Be aware of the developmental stage of your child. Younger children are more concrete in the way they perceive and understand the world. Describe the reality of your new situation with this in mind: describe things that they can understand and that are tangible, like where they will be living on what days and how they will be getting to school, rather than explain as much as you might want about why this is all happening.

Look out for changes in your child's peer relationships. Children and young people (especially teenagers) tell us that the experience of their parents separating has a direct impact upon the nature of their day-to-day relationships: it may engender uncertainty in them about the trustworthiness of their intimate relationships and cause them to keep themselves apart from possible partners or incite a level of mistrust or jealousy because of this.

The key to the emotional well-being of your child is to construct a routine between you and your ex that the children know about. By creating a robust routine your children will quickly develop a sense of certainty in a situation that feels very emotionally fragile and uncertain. Keep to the routine. Children and young people often find the times of transition really difficult, especially where they have to go straight from one parent's house to another. Try to work the children's week so that as much of it as possible is mediated by school or nursery. Make sure that childminders, school or after-school clubs know what's happening.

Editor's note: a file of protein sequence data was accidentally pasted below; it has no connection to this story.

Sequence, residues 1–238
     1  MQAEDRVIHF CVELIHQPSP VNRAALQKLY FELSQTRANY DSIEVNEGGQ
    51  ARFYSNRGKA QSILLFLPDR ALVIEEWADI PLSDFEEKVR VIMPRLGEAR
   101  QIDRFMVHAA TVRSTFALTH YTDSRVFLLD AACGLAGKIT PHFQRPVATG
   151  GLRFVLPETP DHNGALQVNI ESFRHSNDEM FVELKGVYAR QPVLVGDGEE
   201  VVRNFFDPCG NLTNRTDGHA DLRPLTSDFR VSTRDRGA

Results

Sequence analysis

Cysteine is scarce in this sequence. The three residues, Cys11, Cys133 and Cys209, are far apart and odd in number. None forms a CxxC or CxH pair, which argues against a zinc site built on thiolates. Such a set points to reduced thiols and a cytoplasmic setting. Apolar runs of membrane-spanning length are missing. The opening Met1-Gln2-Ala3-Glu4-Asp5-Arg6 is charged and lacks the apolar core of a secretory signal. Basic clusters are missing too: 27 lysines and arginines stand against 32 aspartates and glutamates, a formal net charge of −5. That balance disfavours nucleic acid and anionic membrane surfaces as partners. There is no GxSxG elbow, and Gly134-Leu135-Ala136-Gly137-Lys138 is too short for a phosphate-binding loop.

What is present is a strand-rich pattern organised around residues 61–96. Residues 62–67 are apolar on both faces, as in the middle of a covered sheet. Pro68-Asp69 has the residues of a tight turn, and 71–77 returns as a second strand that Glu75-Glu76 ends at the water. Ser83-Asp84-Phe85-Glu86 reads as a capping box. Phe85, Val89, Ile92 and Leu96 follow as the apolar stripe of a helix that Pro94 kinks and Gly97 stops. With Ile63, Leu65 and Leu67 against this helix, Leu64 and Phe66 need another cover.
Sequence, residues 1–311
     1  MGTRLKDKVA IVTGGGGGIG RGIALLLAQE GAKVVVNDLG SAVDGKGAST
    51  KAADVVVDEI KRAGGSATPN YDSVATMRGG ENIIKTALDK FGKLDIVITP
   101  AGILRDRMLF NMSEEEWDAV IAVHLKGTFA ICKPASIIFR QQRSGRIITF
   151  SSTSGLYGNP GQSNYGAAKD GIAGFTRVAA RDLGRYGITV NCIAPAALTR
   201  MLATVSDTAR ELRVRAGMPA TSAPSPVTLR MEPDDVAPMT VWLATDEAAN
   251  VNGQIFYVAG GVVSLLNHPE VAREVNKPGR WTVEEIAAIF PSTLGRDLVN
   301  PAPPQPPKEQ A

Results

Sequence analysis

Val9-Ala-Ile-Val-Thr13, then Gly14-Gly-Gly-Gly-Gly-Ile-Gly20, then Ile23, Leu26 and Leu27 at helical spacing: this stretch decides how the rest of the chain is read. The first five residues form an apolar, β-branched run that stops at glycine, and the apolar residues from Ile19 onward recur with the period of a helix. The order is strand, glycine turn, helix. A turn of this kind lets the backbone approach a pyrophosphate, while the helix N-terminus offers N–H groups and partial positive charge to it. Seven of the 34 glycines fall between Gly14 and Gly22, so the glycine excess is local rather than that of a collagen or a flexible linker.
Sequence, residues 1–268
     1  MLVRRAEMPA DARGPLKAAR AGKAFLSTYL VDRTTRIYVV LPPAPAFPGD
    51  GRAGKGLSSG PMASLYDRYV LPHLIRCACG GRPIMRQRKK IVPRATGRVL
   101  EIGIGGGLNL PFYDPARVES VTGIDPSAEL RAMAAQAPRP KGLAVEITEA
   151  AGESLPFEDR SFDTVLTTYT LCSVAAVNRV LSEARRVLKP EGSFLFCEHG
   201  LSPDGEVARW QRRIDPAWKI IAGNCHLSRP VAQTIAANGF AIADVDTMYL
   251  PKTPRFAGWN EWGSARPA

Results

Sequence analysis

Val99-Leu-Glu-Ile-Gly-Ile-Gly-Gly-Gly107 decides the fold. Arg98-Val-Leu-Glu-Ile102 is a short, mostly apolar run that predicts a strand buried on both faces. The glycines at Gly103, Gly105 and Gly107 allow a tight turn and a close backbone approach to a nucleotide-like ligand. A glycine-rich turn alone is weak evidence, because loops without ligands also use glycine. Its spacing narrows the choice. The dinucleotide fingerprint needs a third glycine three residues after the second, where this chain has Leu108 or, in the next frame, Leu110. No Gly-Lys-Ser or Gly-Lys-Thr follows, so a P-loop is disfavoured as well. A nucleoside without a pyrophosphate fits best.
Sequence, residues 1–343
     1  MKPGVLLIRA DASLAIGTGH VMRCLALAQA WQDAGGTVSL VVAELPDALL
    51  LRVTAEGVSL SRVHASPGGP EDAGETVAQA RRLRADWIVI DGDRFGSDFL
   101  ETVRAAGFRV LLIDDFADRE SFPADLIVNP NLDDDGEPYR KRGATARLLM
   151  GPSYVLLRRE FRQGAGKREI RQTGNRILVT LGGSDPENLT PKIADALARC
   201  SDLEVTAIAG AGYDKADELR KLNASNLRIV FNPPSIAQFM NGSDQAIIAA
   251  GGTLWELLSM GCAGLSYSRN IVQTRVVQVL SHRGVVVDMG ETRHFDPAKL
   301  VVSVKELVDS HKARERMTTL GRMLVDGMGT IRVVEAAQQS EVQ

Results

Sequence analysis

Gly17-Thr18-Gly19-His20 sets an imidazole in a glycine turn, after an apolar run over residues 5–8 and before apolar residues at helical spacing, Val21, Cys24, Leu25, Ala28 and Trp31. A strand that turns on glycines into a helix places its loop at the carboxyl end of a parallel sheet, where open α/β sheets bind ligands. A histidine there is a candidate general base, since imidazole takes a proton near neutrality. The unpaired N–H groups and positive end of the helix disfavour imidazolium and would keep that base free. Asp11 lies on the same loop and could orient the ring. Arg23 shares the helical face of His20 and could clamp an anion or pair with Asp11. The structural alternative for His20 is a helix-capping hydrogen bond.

Try to keep your child protected from your arguments. Although you may well be angry and upset, try not to be negative about your ex in front of your child. Try to work out your feelings with your ex without using the children as ammunition or bargaining tools. If things are particularly acrimonious between you, use text and e-mail as a way of communicating, particularly if you have something difficult to say. This will mean that your children will not experience overt differences between you and your ex partner, which often leave them feeling caught between you both. There are lots of organisations and help available that you can try before resorting to potentially stressful and emotionally demanding court processes, such as family mediation (see help and info).